|Publication number||US4925128 A|
|Application number||US 07/243,153|
|Publication date||May 15, 1990|
|Filing date||Sep 9, 1988|
|Priority date||Apr 22, 1987|
|Publication number||07243153, 243153, US 4925128 A, US 4925128A, US-A-4925128, US4925128 A, US4925128A|
|Original Assignee||Norvey, Inc.|
|Export Citation||BiBTeX, EndNote, RefMan|
|Patent Citations (5), Referenced by (44), Classifications (13), Legal Events (5)|
|External Links: USPTO, USPTO Assignment, Espacenet|
This application is a continuation of co-pending application Ser. No. 041,858; filed Apr. 22, 1987; now abandoned.
This invention relates generally to the field of dispensers for liquids, of the category commonly known as "squeeze bottles". More particularly, the present invention relates to a novel spout assembly for a squeeze bottle.
Squeeze bottles are very well known and code in a wide variety of configurations for a great many different applications. One particular type of squeeze bottle has become quite popular for dispensing lubricating oils and the like. This type of squeeze bottle has an elongated, hollow cap that accommodates a long, hollow, flexible tube that is normally retained within the bottle with just its outermost end portion extending from the opening at the tip of the cap. When it is desired to dispense the contents of the bottle, the tube is extended through the cap to form an elongate flexible spout, thereby allowing the contents to be dispensed into small orifices and other relatively inaccessible places. An example of such an extensible-spout squeeze bottle is disclosed in U.S. Design Patent No. Des. 200,364.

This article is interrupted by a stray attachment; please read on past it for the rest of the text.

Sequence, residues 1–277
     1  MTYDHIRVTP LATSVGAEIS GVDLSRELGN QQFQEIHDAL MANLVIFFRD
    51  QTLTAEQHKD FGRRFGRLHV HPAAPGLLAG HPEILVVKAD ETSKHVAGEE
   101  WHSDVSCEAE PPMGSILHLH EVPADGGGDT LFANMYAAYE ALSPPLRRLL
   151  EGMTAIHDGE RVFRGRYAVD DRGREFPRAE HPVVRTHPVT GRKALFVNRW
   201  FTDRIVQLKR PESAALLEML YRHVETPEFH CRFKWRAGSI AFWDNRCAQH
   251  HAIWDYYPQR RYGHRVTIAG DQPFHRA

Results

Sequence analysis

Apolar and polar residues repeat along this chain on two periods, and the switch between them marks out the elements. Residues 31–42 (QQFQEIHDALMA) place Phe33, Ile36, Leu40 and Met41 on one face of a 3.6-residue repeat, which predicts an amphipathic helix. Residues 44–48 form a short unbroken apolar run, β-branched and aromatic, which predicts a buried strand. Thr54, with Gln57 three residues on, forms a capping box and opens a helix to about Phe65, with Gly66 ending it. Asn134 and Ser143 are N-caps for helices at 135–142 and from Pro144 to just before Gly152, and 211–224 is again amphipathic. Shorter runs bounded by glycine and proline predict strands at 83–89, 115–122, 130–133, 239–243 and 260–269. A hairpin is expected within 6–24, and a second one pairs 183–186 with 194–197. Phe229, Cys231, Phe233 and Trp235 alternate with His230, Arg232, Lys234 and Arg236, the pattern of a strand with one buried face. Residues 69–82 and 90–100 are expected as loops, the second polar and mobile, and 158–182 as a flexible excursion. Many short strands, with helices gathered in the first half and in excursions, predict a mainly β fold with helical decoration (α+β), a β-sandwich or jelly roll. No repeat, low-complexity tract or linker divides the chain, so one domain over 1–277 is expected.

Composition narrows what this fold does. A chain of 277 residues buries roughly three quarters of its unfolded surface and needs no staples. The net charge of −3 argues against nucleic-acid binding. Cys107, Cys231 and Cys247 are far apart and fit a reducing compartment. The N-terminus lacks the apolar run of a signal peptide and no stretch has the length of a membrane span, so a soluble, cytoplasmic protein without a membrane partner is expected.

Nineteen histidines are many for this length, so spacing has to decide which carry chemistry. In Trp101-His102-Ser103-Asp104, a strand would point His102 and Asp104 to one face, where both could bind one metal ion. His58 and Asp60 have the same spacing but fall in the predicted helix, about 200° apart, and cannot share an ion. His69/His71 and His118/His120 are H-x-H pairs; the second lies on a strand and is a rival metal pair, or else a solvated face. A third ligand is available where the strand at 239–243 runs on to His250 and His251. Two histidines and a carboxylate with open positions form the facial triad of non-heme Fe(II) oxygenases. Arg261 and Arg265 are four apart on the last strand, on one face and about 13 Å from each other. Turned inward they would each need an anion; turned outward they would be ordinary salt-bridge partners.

The internal structure of the spout assembly of this prior art extensible-spout squeeze bottle is illustrated in FIGS. 5 and 6 of the drawings accompanying the present specification. As illustrated, the prior art spout assembly 10 comprises an elongated, hollow cap 12 (only the distal portion of which is shown), which receives an elongate, hollow, flexible dispensing tube 14 (also shown only partially) The cap 12 has a relatively thick-walled tip 16 having a central passage terminating in a recessed orifice 18. The tube 14 is carried in this passage and extends from the orifice 18. The inner surface of the tip wall surrounding the passage frictionally engages the tube 14 with an interference fit, as best shown in FIG. 5, forming a bearing surface 19. The engagement between the tube 14 and the bearing surface 19 causes the tube 14 to stay in a selected extended position until it is pushed back through the cap into its retracted position. The bearing surface 19 also provides a seal between the tube 14 and the cap 12.